Gucci Mane, Mr. Davis | Album Review
After being delayed by a month, Gucci Mane drops ‘Mr. Davis,’ a studio album that ends up being much better-than-expected.
A delay can be deadly for a studio album. It often signals that something has went wrong in the process, whether it’s inadequate promotion, questionable material, or any number of things. For Gucci Mane, he moved his latest studio album, Mr. Davis, back a month. At the time, he’d released a couple of singles, but the buzz seemed minimal for the project. While the buzz remains so-so as Mr. Davis sees the light of day, the album itself is better-than-expected.
The brief “Work in Progress (Intro)” sets the tone of Mr. Davis. Early-on, listeners are given a dose of that signature Gucci Mane flow. The first full-length cut, “Back On,” features malicious sounding production work, intact with trunk-rattling drum programming and dark synths. Gucci flexes here, showcasing his lazy, but appealing southern rap flow. While he’s confident, he’s equally chill and relaxed.
“I Get the Bag,” the promo single for Mr. Davis, plays out better in the context of the album. Gucci is assisted by “it” rap collective, Migos – well, two of them that is (Quavo and Takeoff). The single checks off most boxes for a Gucci Mane record. The production work is slick, firmly planted in the southern rap idiom. The tempo is slow, while the drums have the trap written all over them. In regards to his rapping, Gucci remains relaxed, even rapping alongside the ferocious Migos.
“Stunting Ain’t Nuthin”
Keeping the collaborative spirit alive, Gucci taps Slim Jxmmi and Young Dolph for the hard-hitting “Stunting Ain’t Nuthin.” The first thing that stands out is the drum programming, which is badass to say the least. Slim Jxmmi takes the reins on this banger, handling the chorus and the first verse. Gucci shows up for the second verse, followed by Young Dolph taking the third. Still, this feels likes a Slim Jxmmi joint instead of a Gucci Mane one.
The brief “Curve” opens mysteriously, sounding faded. This plays to the strengths of The Weeknd. After initial instability, a slick, trap beat anchors the enigmatic synths, painted over by distinct vocals of The Weeknd. There’s a clear vibe, which bodes well in Gucci’s favor. When he finally steps to the mic, he’s sound. He doesn’t deliver anything particularly groundbreaking, but his flow is tight. Arguably, there’s too little Gucci here.
“Enormous” brings Ty Dolla $ign into the fold. This isn’t surprising – Ty Dolla $ign is everywhere. Here, he performs the chorus, which is enjoyable, as well as the second verse. Smartly, Gucci raps the first verse and later, the third. “Enormous” is decent, but not among the crème de la crème. The same can be said of “Members Only,” which is sound, but doesn’t quite reach elite status. Nonetheless, it offers cool vibes from the rapper, as well as smooth production work.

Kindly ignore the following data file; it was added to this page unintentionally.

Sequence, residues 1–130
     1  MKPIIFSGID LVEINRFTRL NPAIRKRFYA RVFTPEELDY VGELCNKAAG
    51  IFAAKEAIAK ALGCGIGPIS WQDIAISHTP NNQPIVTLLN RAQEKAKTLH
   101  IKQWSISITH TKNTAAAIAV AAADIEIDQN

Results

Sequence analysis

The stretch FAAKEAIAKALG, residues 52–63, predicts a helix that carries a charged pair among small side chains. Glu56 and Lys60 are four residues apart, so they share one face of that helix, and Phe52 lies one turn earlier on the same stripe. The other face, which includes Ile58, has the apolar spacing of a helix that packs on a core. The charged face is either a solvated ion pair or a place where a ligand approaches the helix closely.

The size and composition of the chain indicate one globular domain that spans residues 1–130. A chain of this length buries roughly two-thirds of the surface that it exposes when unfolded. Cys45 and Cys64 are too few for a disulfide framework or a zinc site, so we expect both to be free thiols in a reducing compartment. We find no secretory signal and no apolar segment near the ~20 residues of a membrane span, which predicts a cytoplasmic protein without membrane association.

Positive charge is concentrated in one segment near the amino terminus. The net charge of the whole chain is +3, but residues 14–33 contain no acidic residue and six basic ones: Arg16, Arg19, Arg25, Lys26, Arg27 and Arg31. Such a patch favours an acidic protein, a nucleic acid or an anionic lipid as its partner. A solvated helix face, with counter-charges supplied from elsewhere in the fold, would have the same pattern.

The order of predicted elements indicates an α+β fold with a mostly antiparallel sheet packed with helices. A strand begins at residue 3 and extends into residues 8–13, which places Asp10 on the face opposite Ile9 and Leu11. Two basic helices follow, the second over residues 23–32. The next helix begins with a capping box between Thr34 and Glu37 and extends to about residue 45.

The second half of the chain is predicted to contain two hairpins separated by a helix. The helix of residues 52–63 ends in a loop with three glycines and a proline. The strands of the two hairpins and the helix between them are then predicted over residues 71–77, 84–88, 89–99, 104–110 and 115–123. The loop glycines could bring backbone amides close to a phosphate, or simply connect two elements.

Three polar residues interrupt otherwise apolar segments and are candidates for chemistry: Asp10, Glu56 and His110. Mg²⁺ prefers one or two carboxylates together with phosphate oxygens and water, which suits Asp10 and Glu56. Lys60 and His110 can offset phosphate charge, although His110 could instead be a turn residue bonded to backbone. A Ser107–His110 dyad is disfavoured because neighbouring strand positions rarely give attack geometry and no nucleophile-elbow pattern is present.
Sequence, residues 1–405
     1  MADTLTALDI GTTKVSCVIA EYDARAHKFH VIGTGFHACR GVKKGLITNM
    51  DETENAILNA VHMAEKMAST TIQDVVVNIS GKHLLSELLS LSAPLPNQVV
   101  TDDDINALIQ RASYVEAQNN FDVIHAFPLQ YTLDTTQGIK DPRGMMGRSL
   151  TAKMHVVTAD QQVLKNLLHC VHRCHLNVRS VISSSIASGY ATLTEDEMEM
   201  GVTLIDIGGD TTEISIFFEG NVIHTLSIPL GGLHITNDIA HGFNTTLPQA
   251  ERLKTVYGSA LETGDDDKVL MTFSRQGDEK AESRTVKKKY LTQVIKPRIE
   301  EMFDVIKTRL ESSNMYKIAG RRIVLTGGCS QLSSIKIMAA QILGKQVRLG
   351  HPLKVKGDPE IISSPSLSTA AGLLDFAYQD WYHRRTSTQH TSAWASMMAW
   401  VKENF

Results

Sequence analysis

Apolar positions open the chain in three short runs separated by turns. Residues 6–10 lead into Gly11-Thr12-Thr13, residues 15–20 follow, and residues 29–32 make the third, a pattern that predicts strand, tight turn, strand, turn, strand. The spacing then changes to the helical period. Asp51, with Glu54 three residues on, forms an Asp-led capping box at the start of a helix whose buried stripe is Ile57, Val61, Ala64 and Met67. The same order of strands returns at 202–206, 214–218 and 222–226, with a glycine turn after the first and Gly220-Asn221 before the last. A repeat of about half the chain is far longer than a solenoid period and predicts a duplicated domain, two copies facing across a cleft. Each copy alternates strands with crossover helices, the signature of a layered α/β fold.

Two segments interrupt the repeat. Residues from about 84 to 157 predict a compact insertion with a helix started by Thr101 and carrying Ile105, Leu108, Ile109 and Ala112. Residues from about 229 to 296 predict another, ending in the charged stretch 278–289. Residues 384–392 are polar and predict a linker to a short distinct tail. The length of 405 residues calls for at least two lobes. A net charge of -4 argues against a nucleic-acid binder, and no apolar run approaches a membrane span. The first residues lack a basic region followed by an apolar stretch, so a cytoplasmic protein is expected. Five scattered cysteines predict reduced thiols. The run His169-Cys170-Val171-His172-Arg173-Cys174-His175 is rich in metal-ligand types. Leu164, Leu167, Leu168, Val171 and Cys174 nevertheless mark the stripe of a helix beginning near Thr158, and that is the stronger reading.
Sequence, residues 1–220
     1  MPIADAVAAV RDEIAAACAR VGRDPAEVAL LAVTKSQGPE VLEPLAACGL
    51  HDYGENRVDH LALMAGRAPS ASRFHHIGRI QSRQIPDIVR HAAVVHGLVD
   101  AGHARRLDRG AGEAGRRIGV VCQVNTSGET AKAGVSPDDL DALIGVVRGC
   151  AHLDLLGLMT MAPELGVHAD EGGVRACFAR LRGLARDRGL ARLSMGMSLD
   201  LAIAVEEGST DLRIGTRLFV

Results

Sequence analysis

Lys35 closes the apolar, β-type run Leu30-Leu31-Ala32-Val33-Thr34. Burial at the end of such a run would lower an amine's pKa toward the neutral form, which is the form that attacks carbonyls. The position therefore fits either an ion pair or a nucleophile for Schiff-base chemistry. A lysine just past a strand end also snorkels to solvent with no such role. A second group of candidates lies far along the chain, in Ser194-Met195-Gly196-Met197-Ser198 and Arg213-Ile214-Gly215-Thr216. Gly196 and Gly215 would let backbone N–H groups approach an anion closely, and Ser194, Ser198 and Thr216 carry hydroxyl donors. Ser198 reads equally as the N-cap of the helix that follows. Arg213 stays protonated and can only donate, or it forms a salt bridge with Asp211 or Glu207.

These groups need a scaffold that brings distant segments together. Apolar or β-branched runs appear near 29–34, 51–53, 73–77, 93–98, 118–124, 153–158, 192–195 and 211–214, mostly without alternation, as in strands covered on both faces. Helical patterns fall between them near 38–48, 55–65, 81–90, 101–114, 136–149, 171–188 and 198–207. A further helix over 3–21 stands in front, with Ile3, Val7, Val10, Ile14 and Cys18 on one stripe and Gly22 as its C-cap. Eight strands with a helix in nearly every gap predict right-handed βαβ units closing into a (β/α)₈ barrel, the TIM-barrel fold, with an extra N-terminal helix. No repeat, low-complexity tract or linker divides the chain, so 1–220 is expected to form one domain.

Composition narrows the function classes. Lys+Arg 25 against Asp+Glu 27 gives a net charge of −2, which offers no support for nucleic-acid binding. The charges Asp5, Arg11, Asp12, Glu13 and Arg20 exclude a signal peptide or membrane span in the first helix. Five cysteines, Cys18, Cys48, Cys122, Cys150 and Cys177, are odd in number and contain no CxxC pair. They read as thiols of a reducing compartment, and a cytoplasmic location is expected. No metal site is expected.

“Money Make Ya Handsome” is stronger. Broken record or not, the production work continues to be the calling card on Mr. Davis. Notably, Gucci pop-raps here, which contrasts his previous performances. Also notable is the hook. It’s simple, but infectious and irresistible.
“Money make you handsome, even if you’re ugly / Money make her f*ck me, she wanna f*ck my money / All my b*tches love me, they love me for one thing / Money keep her coming, so I’ma keep some money.”
Big Sean kicks off “Changed” with the chorus. Gucci Mane takes over duties on the first verse, clearly in his zone. From there, there’s ample Big Sean. Again, too much, which is the biggest rub regarding Mr. Davis.
“We Ride,” featuring Monica, possesses an uplifting, resolute nature, particularly on the Monica-helmed chorus. It’s respectable, but not the most memorable record. The harder “Lil Story,” featuring ScHoolboy Q, is more of Gucci’s wheelhouse. It features superb production work and tough-minded rhymes from both rappers.
“Tone it Down,” featuring Chris Brown, features more slick production work, the expectation from a southern rap record. As always, Brown sounds distinct. As for Gucci, he raps in his signature, mush-mouthed, southern rap style. “Tone It Down” is ‘tried and true’ without being game changing or innovative.
Like the majority of Mr. Davis, the production work of “Make Love” plays to Gucci’s strengths. The trap is alive and well, thanks to a minimalist sound possessing ample oomph. He slices right through his verse, keeping it 100. He follows up with a chill hook. Next, Nicki Minaj gets to work, changing her vocal inflection, cussing like a sailor, and giving no f*cks. Despite consistency from Gucci, Minaj steals the show. He flexes solo on “Money Piling.” He remains consistent.
Gucci gets company for the next two numbers – “Jumped Out the Whip,” featuring A$AP Rocky, and “Miss My Woe,” featuring Rico Love. Gucci avoids a problem that plagues him at some points – letting others be the star. He takes the reins on “Jumped Out the Whip,” with a sick hook and verse. A$AP Rocky is no slouch of course. On penultimate highlight “Miss My Woe,” Rico Love delivers a fabulous hook. As for Gucci, he delivers two verses exhibiting surprising clarity and well-rounded rhymes. Mr. Davis concludes with “Made It (Outro),” another well-produced, respectable joint.
All in all, Mr. Davis is a better-than-expected album from Gucci Mane. An album delay often spells trouble for an album, regardless of the artist, but as far as quality, it benefits the album. There’s nothing ‘brand-new’ from Gucci, but he flexes throughout the course of the affair. The biggest rub is that sometimes he’s overshadowed by his guests. Regardless, when he’s on, he’s on.
Gems: “Back On,” “I Get the Bag,” “Stunting Ain’t Nuthin,” “Lil Story,” “Make Love” & “Miss My Woes”